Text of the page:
A guide to grad school: Get some expert tips if you’re planning to continue your education

It happens every year. Inevitably each December, after stuffing envelopes and licking stamps, a prospective graduate student will realize his mistake: He forgot to change the name of the university for each of his purpose letters, sending the wrong letter to the wrong school. And if the applicant fails to notice or remember, the graduate selection committee will certainly spot the error. Rejected without a pause.

“One of the biggest mistakes students make is not paying attention to deadlines,” says Roberta Pokphanh, program coordinator for KU’s graduate studies office.

Unaware of deadlines or requirements, prospective students sometimes rush and scramble when applying to graduate school. And because of a few common mistakes, they’re often denied admittance. But it doesn’t have to work that way. Simply being aware of what steps to take can improve an applicant’s chances.

The benchmark deadline for most graduate school programs is Dec. 15 (for the fall term). A lot goes into the application process, though, so preparing early is essential.

More than one school

Picking a school shouldn’t be too much of a challenge. Students interested in graduate school should have a narrow interest in mind, limiting choices. However, applicants are advised to apply to more than one school, and in some cases as many as 10 to 12.

“For undergraduate programs it’s OK to apply to just one school, but when you’re applying to a graduate school program you don’t want to do that,” says Pokphanh. “Apply to some that you’re really reaching for, some you’re more confident about getting into, and certainly apply to some safe schools.”

Don’t neglect applying to your dream school — even if you think you don’t stand a chance. When Michael Fauver, a graduate student at the Writer’s Workshop in Iowa — the top school for creative writing in the nation — received his acceptance letter, he was nothing short of stunned.

“I was very surprised,” says Fauver. “People get things they don’t deserve every day. One day that could be you. Don’t take yourself out of the running because you don’t think you can do it. You might waste 50 bucks. There are worse ways of spending your money.”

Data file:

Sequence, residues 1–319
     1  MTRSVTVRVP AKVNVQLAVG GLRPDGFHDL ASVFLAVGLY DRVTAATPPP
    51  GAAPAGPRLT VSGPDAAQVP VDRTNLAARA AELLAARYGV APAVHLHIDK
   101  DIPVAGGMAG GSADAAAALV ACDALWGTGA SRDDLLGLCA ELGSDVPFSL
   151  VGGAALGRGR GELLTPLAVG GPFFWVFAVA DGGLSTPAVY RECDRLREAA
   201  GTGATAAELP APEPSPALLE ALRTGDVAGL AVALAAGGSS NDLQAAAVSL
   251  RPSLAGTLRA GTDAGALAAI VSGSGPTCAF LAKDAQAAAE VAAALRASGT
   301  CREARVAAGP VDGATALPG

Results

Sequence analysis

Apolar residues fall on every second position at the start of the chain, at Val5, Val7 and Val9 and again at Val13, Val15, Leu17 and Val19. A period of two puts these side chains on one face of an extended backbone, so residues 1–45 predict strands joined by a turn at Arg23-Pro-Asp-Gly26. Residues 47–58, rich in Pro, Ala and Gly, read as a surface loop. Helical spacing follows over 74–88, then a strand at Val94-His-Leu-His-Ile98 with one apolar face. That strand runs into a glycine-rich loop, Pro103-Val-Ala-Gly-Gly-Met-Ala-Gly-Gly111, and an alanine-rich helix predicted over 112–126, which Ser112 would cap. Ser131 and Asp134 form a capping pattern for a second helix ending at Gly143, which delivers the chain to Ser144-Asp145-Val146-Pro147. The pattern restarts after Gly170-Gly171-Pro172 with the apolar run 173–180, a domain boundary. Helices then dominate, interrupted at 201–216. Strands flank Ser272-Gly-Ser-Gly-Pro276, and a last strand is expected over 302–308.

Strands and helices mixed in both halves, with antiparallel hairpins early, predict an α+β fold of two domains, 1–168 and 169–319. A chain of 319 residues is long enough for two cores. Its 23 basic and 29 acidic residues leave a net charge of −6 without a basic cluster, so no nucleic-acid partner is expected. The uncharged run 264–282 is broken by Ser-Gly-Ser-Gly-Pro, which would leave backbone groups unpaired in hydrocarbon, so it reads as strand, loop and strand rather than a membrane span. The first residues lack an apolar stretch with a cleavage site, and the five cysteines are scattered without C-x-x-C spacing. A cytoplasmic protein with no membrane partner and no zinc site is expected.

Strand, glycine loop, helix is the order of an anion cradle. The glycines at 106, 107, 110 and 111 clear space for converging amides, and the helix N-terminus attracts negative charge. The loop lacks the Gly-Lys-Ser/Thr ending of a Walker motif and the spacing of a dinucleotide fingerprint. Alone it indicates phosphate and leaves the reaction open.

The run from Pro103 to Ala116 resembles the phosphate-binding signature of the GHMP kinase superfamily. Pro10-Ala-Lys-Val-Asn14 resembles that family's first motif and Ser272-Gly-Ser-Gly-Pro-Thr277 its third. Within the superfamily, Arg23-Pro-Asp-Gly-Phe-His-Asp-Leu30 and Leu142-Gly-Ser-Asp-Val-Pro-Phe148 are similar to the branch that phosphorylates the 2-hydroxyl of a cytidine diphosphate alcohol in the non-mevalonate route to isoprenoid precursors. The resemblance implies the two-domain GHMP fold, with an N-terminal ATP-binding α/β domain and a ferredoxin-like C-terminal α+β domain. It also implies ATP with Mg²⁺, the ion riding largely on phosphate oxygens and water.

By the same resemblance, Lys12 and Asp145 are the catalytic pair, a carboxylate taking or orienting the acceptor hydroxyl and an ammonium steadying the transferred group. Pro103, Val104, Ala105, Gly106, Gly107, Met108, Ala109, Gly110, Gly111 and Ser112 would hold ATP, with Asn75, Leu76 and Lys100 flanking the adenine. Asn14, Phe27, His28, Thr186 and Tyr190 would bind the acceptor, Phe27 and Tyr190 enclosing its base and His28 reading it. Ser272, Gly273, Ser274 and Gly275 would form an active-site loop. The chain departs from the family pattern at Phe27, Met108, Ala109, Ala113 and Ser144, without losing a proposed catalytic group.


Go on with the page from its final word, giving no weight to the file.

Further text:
There is no magical formula for getting into graduate school. There are risky routes that, though not encouraged, could actually work. For instance, Pilar DiAsto, a graduate from Kansas State University with a degree in drama therapy, decided to take a leap of faith and apply to just one school.

“There were only three schools in the United States, at the time, for drama therapy,” Pilar says. “I perceived that KSU was the most accessible.”

To DiAsto’s delight, she was accepted into the program. Others won’t be as lucky, so applying to more than one school is vital.

Budgeting expenses

Just applying, without being accepted, can be costly. Application fees range from $40 to $75, depending on the program. For instance, KU’s fee is $55 to $65. This can seem like a lot of money to apply several places at once, so it’s important to budget beforehand.

The essential paperwork

There are three common documents to the graduate school application: Graduate Record Examination scores, a purpose statement and three letters of recommendation. Each element has different heft depending on the program.

The GRE costs $160, and it’s important to take the exam before the application deadline. For some programs, earning a less-than impressive score is OK.

“It’s just one component of a bigger application,” says Pokphanh. “While (each element) is important, do understand that it’s just one piece.”

Every school requires some sort of statement of purpose. Like a cover letter, the essay should prove qualifications — but it shouldn’t sound droll.

“It’s the one item that makes you human,” says Donald Asher, author of “Graduate Admissions Essays,” a best-seller. “It’s also the one item you have complete control of, so make it perfect.”

Fauver says he wrote an excessively long rough draft, chronicling every relevant detail. He then spent two months whittling it down to meet the length requirement. Length requirements vary but should always be honored.

As for the tone of the letter, Asher says to sound lively yet professional.

“I tried to be as personal and professional as I could at the same time,” says Fauver.

After crafting a good rough draft, Fauver recruited competent friends to help him edit and revise his essay — another essential step.

“Everyone needs an editor,” says Asher. “I don’t care how long you’ve been in the business.”

Another important item is the letter of recommendation: Graduate programs usually require three.

“Students don’t seem to realize how important that letter of recommendation is,” Pokphanh says.

To get a good letter, students should find a way to stand out to professors, launching relationships early on. They should also perform well academically, and when letter time comes around, they should remind their professors of this.

“Remind your professors how they have known you,” Pokphanh says. “Give them a list.”

And make sure your letter is in on time. “This can be an awkward thing for students,” says Pokphanh. “Do it politely. Just let the (letter writer) know you’re checking up on application materials.”

After taking the GRE, writing the purpose statement and collecting the letters of recommendation, don’t be a dummy: Make sure you send the application to the right school.


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